Barry Rubin: Interviewed about 6-Day War

Historians in the News

RAY SUAREZ: For more on the Middle East then and now, we get two perspectives. Barry Rubin is director of the Global International Affairs Center at the Interdisciplinary University at Herzliya, Israel, and author of the new book, "The Truth About Syria."
Hisham Melhem is Washington bureau chief for the Arab satellite network al-Arabiya and Washington correspondent for the Lebanese newspaper An-Nahar.

And, Barry Rubin, did anyone on the Israeli side have the prescience, the forward look to understand that today's situation was a possible outcome of that war 40 years ago?

BARRY RUBIN, Director, Global International Affairs Center: Oh, absolutely. The debate following the war was between two camps. One camp said that they believed that the territories captured in 1967 were bargaining chips which would be used to attain peace with the Arab side when that became possible. The other side said that it did not believe that the Arab side or Arab parties would make peace for a very long time.

Now, where those two positions came together in a consensus was they need to hold territories until there could be a negotiated agreement. So, in a sense, a lot of people -- certainly half the population -- wouldn't be shocked. The shock, of course, came because, in the 1990s, there was a process with the PLO which was hoped that it would result in peace. And then, of course, when it came to the crunch in 2000, and Yasser Arafat was offered an independent Palestinian state and $22 billion in aid as the first offer, he turned it down, so it took a downturn.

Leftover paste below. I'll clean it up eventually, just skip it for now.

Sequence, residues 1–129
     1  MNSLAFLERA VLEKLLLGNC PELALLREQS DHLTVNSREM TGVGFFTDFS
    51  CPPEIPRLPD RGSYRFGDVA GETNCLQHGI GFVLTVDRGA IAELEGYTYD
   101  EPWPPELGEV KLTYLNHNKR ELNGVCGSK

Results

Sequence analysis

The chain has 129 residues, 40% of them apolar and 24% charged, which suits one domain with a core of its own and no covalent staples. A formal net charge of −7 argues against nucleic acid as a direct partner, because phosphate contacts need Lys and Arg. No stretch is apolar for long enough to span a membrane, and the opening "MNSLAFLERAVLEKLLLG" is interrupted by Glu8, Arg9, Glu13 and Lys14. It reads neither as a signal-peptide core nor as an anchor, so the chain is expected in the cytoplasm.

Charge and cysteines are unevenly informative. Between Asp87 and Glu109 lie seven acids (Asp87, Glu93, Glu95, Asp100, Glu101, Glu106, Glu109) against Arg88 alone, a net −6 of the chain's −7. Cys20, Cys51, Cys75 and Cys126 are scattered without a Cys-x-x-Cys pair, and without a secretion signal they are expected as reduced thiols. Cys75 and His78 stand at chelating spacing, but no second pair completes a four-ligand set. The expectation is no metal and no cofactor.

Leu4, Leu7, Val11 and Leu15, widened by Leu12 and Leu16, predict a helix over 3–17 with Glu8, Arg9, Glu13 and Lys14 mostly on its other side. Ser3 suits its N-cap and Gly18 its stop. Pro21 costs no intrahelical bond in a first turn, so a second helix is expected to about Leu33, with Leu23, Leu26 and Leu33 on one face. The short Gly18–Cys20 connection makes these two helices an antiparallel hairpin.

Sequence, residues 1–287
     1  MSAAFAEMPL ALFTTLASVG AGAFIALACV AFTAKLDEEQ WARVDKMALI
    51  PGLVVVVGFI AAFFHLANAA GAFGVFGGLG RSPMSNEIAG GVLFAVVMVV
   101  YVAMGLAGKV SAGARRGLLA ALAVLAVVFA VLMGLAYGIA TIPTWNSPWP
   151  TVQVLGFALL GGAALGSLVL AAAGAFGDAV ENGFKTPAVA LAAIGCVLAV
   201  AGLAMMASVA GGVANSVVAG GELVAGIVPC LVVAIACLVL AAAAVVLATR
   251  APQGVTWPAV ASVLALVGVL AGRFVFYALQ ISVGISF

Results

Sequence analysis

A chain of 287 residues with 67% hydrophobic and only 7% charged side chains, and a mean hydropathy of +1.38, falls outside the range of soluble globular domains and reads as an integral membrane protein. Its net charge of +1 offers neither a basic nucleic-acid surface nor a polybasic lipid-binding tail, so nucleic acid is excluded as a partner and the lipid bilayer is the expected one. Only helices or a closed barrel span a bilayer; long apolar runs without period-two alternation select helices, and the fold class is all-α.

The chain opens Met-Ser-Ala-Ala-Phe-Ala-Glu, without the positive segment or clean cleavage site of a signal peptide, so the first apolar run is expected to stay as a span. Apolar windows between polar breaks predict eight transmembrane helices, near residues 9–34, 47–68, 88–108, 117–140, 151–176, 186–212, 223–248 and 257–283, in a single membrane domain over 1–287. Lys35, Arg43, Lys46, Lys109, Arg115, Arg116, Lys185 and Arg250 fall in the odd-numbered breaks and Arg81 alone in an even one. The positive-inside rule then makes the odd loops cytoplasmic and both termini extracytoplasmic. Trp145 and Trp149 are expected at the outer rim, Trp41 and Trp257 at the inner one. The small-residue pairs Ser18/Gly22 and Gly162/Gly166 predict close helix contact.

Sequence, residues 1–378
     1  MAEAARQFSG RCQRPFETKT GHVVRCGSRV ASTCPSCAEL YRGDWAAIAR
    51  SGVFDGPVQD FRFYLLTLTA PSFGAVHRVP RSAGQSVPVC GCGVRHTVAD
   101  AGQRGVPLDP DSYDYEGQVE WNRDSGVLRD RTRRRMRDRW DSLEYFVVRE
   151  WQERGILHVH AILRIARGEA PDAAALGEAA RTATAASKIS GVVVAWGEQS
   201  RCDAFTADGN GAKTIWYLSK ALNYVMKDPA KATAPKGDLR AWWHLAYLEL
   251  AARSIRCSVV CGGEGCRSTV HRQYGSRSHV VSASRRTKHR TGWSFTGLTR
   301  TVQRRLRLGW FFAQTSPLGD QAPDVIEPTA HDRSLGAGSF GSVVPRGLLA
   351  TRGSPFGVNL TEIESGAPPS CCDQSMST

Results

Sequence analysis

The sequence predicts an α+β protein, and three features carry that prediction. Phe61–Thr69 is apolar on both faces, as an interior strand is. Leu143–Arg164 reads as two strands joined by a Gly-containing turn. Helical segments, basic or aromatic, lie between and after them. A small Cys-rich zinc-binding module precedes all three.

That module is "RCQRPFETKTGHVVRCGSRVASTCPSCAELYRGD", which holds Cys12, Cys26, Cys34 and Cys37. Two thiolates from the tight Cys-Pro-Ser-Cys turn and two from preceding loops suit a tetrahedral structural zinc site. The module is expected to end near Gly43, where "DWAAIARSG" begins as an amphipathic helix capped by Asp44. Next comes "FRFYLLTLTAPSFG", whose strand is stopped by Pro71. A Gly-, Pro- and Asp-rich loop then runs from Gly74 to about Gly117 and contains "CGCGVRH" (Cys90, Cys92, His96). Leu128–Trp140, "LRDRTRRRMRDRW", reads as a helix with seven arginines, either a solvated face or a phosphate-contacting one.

So from the point of view of 1967, it's less of a shock than, let's say, from the point of view of 1997, when there were great hopes that there was going to be some kind of diplomatic resolution.

RAY SUAREZ: So you're saying, if I understand you, that there were people who understood that Israel might be in those territories for decades to come?

BARRY RUBIN: Well, I think everyone foresaw the possibility of it taking decades. But, again -- well, just very briefly to explain this...

RAY SUAREZ: Very briefly.

BARRY RUBIN: So the two views were, hold the territories until peace is going to happen. Some people thought it would happen sooner, some people later. In the 1990s, most people went over to the view that peace was possible, but what happened in 2000 confounded both sides.

As a result, what we have today is the analysis goes like this: On the one hand, the great majority of Israelis say they're ready to have an independent Palestinian state and they're ready to leave the remaining territories, but at the same time they say they're very skeptical about the ability of the other side to get it together.
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